According to Ellen Field, MD, a rheumatologist in private practice in Bethlehem, Pennsylvania, there are several key elements to empowerment for patients living with chronic disease. These involve asking the right questions of your doctor, learning about the drugs you currently take as well other medication options, making healthy lifestyle choices, and building a support network.
Asking the Right Questions
“Patients can only make good choices when they understand and know all the facts,” Dr. Field explains. And knowing what questions to ask your doctor is one of the best ways to gather those facts. The types of questions that Dr. Field recommends patients ask include:
- How is my treatment plan expected to work?
- What are the risks of not treating my condition?
- What types of tests do I need before I begin treatment? And do I need tests to monitor my condition while I’m on treatment?
- How do I monitor my condition? What signs and symptoms might indicate that my condition is getting worse or that treatment isn’t working?
- Are there any other diseases or disorders (comorbidities) that I’m at risk for in addition to my primary condition? If so, is there anything I can do to prevent them?
Understanding Your Medication
An important topic to discuss with you healthcare team is your medication. Dr. Field recommends that patients build an understanding the following:
- How drugs they are taking work
- How several drugs taken together might interact
- How the drugs are taken, or administered—such as oral, self-injectable, or intravenous (IV)
- Possible side effects or serious adverse events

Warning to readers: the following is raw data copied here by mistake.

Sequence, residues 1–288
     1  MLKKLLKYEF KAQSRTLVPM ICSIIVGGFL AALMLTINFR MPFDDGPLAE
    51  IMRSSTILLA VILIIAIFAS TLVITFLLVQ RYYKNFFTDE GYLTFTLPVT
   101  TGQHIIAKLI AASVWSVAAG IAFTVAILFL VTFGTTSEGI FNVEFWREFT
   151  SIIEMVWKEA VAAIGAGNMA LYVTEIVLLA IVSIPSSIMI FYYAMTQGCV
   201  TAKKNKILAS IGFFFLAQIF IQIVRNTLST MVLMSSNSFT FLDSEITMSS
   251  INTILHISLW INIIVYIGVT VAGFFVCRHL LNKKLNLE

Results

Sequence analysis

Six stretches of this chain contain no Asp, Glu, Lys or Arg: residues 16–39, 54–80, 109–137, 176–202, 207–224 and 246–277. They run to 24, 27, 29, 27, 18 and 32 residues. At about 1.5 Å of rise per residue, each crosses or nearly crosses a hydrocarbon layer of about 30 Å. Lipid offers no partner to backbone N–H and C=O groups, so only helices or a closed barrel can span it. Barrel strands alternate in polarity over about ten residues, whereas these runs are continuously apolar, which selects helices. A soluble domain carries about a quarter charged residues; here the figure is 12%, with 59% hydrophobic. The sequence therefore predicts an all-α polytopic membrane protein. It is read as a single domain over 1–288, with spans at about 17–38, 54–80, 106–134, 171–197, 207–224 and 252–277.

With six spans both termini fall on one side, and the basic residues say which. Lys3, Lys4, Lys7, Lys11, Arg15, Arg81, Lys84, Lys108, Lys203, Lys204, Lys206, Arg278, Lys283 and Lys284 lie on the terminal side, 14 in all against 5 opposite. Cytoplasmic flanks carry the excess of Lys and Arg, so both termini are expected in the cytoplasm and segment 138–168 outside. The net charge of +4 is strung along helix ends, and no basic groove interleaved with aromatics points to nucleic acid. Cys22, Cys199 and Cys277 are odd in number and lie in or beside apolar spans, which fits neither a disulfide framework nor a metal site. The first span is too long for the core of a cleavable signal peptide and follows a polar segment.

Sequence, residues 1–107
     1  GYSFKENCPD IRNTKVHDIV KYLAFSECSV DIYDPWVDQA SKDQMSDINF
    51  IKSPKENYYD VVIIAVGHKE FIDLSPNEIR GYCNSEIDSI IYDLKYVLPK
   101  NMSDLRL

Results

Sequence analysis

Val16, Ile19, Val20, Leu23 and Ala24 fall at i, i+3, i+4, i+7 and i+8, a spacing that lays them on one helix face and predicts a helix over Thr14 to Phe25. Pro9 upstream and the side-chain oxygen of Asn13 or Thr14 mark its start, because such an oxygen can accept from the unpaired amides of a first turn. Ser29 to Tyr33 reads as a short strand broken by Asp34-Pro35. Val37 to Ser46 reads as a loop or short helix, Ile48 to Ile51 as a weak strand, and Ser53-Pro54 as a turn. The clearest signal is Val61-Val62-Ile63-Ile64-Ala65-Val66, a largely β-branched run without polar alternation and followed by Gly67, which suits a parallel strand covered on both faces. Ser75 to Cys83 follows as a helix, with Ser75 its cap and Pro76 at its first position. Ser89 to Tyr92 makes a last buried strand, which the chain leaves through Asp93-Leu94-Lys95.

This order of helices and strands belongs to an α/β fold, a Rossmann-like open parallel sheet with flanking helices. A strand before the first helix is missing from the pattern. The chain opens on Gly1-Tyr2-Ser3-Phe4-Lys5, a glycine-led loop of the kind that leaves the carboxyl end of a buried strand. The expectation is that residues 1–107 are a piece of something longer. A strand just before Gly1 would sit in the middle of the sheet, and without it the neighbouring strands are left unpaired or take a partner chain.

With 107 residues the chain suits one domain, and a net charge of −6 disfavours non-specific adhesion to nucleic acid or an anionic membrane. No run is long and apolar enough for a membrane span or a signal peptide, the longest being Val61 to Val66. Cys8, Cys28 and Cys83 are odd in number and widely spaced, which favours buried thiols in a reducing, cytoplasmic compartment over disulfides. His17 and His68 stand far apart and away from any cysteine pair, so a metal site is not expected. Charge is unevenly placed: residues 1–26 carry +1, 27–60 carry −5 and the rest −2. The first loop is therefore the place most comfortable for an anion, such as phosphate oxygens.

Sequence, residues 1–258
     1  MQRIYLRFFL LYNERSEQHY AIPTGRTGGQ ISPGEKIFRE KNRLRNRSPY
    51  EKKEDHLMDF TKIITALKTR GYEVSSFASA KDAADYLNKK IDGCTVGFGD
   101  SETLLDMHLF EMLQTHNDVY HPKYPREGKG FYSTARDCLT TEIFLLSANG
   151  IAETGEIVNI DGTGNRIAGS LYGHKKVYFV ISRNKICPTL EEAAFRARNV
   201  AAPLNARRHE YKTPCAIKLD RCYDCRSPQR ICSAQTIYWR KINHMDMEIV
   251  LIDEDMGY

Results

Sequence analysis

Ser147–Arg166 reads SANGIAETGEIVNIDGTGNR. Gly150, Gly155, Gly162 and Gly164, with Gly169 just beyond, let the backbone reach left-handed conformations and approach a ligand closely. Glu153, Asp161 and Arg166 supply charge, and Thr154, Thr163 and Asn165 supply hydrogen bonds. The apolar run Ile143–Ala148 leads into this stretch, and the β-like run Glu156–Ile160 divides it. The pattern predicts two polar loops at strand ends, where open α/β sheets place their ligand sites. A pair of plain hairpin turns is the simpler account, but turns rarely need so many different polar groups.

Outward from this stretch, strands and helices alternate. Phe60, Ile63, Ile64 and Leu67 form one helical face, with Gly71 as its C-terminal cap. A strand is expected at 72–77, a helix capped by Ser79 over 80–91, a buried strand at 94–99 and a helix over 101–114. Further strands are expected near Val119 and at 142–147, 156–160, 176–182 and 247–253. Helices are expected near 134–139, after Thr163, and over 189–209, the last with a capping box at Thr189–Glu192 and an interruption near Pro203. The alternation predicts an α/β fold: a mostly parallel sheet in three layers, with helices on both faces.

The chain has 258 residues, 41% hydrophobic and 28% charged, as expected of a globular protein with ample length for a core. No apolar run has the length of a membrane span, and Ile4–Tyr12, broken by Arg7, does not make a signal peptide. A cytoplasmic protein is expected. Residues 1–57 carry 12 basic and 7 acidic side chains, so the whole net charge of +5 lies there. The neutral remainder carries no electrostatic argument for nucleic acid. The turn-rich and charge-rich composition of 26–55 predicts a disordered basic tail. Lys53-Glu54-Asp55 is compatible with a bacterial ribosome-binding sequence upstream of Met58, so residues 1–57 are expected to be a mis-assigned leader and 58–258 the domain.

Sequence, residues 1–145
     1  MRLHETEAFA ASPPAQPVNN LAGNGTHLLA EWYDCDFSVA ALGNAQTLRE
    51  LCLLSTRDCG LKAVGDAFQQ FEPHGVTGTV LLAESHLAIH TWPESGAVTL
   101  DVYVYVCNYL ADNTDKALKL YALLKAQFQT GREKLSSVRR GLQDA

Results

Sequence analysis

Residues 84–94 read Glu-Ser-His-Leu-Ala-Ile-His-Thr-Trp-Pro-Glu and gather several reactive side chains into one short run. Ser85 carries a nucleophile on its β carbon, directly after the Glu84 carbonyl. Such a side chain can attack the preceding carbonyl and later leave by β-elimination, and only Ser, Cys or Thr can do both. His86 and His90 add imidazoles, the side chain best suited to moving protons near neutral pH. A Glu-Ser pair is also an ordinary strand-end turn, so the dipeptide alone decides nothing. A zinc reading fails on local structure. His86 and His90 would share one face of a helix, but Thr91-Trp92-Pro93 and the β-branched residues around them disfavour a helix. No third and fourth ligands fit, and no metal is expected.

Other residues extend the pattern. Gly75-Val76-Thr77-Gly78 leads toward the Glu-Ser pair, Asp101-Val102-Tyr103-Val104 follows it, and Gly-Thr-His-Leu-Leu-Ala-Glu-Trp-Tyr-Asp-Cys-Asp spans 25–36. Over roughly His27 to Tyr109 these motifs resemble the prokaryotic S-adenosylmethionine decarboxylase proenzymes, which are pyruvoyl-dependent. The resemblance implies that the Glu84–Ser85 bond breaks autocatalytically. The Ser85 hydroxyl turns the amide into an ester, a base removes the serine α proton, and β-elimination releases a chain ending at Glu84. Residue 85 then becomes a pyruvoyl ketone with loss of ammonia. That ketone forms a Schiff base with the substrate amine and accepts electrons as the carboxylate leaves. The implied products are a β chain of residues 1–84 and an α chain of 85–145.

Also, Dr. Field encourages patients to understand the drug benefits of their health insurance plan and know that their carrier may prefer one drug to another. If that’s the case, she says that the carrier may allow the patient to start with the preferred drug with options only if the starting drug isn’t effective. “[Patients] need to understand their benefits and realize the doctor has little control if the carrier has identified the options that will be covered,” Dr. Field explains.
Making Healthy Lifestyle Choices
In addition to drug therapies, Dr. Field says that for people with chronic disease, healthy living can help “keep the patient’s overall health status as good as possible,” and in some cases lessen the potential for side effects. “If the patient maintains good health practices,” she says, “their immune status may be better able to deal with adverse events.” Specific examples of healthy lifestyle choices and their benefits include exercise for improved muscle mass and strength and adequate sleep to help support the immune system’s ability to fight infections and the body’s ability to control symptoms of chronic disease.
In addition to medical care, you may find that looking to other sources of support helps you manage your condition. In-person support groups for people living with similar health challenges as well as national organizations can assist you in several important areas. “Knowing the local and national support systems empowers patients with more knowledge,” Dr. Field says, and theses resources also keep patients updated on topics such as treatment options and side effect management. “Knowledge itself is empowering,” she explains, as is having a community of people who understand what you’re going through.
You may be able to find in-person groups at your local hospital, and national organizations dedicated to specific diseases and disorders (which are widely available online) can provide information and education and may also connect you with local support.
You Have What It Takes
If you have been diagnosed with a chronic condition and feel, as Marie, did that your life and health is suddenly out of control, know that you have the resources—personal and outside—to become empowered in your own care. Just as Marie looked to her experience as a businesswoman, consider your own strengths and expertise and the steps Dr. Field advises as you manage chronic disease. As well, recognize the resources around you; healthcare professionals, print and online information, and people who are facing similar health challenges can all help you take action to become a practiced patient.